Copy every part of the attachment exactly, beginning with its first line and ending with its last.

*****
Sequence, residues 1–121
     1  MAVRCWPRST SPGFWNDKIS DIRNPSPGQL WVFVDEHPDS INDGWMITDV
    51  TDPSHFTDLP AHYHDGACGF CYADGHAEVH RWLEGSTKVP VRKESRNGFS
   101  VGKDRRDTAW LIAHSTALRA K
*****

Sequence, residues 1–121
     1  MAVRCWPRST SPGFWNDKIS DIRNPSPGQL WVFVDEHPDS INDGWMITDV
    51  TDPSHFTDLP AHYHDGACGF CYADGHAEVH RWLEGSTKVP VRKESRNGFS
   101  VGKDRRDTAW LIAHSTALRA K